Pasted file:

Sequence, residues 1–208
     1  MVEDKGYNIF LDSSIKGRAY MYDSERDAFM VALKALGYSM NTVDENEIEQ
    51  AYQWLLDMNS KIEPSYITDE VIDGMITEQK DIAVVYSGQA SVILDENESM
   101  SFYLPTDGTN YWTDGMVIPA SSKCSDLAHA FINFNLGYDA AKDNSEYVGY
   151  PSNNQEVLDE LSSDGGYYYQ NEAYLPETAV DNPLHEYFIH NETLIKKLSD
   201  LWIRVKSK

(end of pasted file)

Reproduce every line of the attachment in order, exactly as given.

Sequence, residues 1–208
     1  MVEDKGYNIF LDSSIKGRAY MYDSERDAFM VALKALGYSM NTVDENEIEQ
    51  AYQWLLDMNS KIEPSYITDE VIDGMITEQK DIAVVYSGQA SVILDENESM
   101  SFYLPTDGTN YWTDGMVIPA SSKCSDLAHA FINFNLGYDA AKDNSEYVGY
   151  PSNNQEVLDE LSSDGGYYYQ NEAYLPETAV DNPLHEYFIH NETLIKKLSD
   201  LWIRVKSK